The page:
Over the past year baking homemade grissini has become a regular occurrence in my kitchen. I’ve been making pizzas for my family for years, but it wasn’t until I was looking for delicious, well-priced grissini, that I realised there weren’t any. So that started a bit of a trend, and a habit that I thoroughly enjoy. They last well in a sealed jar for two weeks, are perfect on their own with a glass of wine, even more delicious when wrapped with prosciutto or thin slices of grilled courgettes, or served with a bowl of homemade tapenade.
The dough I use is based on a Jamie Oliver recipe. It’s fabulous, and makes the amount I need, which is a lot, because the dough has to be enough for an evening pizza, as well as the grissini. Start off doing it this way, and have the supplies for pizza in your fridge, or freeze the rest of the dough to use later. It’s not something I really like to do, but I did try it recently, and there was no difference in the grissini I made with the frozen dough.
Now be a little cautious with the lavender as it can easily veer towards tasting like potpourri if you over do it, and a little goes a long way. As an alternative to lavender, consider crushed coriander seeds. Lovely as well, it’s such a gorgeous spice, and anyone who knows me has seen that I like to use it whenever I can.
For me, baking these is such a peaceful experience, very repetitive, and calming. I love the feel of the dough between my hands as I roll it into irregular pencil like shapes. No two are alike, some have more of the herb mix and salt, some have less. Not perfect, but just like life if you think about it.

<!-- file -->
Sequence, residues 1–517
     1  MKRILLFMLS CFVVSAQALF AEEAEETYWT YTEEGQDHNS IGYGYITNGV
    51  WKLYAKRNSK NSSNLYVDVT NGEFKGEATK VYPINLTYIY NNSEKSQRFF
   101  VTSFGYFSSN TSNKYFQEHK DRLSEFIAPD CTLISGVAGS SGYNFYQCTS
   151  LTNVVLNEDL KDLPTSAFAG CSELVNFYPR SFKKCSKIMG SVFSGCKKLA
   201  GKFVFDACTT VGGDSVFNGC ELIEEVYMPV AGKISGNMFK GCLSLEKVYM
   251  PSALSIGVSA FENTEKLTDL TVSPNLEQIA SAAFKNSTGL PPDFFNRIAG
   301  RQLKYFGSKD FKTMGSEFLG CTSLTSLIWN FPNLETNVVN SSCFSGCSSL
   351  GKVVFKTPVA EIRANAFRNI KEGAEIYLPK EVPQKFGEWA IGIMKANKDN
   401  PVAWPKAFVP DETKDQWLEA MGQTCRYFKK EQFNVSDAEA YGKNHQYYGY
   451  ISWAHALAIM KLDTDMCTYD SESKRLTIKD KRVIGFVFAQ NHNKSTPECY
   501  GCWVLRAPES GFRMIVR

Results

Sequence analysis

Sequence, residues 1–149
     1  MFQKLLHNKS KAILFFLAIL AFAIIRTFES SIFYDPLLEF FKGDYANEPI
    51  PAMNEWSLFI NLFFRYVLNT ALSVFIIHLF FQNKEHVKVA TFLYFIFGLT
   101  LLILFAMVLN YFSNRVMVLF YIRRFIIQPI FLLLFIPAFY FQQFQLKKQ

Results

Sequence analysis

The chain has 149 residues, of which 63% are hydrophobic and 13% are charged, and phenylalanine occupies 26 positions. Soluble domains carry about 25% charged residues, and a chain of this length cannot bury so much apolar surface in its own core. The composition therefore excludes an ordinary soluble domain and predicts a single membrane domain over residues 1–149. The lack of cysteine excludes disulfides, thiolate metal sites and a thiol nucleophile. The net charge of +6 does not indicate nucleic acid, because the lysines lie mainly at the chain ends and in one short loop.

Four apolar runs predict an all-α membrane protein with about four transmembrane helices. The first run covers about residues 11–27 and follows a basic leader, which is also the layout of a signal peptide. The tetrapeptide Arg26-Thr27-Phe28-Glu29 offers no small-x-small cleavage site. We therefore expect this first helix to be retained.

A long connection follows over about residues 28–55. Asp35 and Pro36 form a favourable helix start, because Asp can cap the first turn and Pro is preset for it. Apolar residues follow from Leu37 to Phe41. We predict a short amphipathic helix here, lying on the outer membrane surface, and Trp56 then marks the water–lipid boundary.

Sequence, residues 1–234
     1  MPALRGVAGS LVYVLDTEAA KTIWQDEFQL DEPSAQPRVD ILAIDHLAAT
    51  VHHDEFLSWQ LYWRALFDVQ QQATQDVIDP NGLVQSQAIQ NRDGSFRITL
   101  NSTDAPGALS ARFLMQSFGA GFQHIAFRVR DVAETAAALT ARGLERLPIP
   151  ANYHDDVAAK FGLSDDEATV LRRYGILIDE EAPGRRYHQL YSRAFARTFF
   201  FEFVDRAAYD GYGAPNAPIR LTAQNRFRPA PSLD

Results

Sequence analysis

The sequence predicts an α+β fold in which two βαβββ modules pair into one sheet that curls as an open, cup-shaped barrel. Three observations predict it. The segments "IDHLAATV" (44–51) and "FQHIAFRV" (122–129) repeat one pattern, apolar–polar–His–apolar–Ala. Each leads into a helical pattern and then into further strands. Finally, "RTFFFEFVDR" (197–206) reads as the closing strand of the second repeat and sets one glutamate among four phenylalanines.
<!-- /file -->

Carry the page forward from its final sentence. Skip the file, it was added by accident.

For the dough
- 30g/1oz fresh yeast, or 3 x 7g sachets dried yeast
- 30g/1oz honey
- 625ml/ just over 1 pint tepid water
- 1kg/ just over 2lb Italian 00 flour
- 30g/1oz salt
- Extra flour for dusting
- Olive oil
Flavourings for the Grissini, half the dough only
- 1 large bunch of fresh thyme, leaves only and roughly chopped
- ¼ cup fennel seeds
- 1tbsp dried lavender (look for culinary purposes only)
- Sea salt flakes
- Extra virgin olive oil
Firstly, dissolve the yeast and honey in half the tepid water. Then, put the flour and salt into a large bowl. Make a well in the centre and pour in all the dissolved yeast mixture. With 4 fingers of one hand, make circular movements from the centre moving outwards, slowly bringing in more and more of the flour until all the yeast mixture is soaked up. Now pour the other half of the tepid water into the centre and gradually incorporate all the flour to make a moist dough. Add a little more water if necessary.
Tip out the dough onto a lightly floured surface and start kneading, pushing and folding the dough over and over for about 5 minutes. (This will develop the gluten and structure of the dough.) Shape the dough into a round ball, lightly flour the top, then score the top into a deep cross and place back into a large bowl that you have lightly oiled. Cover with a clean tea towel and leave in a draught-free and warm place to prove: about an hour. It should double in size.
Meanwhile, combine the thyme leaves with the fennel seed and lavender, going easy on the lavender if you are unsure about its potency.
When the dough is ready, tip it out of the bowl onto a clean surface scattered with flour and cut it in half. Cover, and put half of it aside for pizza, or for more grissini if you wish. Preheat the oven to 200C/ 400F and line a baking tray with baking paper.
With a sharp knife, cut pieces off the dough the size of a thick pencil, press them into the herb mix, and start rolling them between both your hands until you have a grissini no longer than 30cm/ 12 inches long, the diameter of a pencil, and imbedded with a few herbs. Lay them on the baking sheet, brush well with extra virgin olive oil and generously scatter with sea salt flakes. Put into the oven and bake for about 10-13 minutes. Grissini should feel firm to the touch and lightly golden in colour when ready. Remove from oven and cool on a rack. Store in a large well sealed jar for up to two weeks.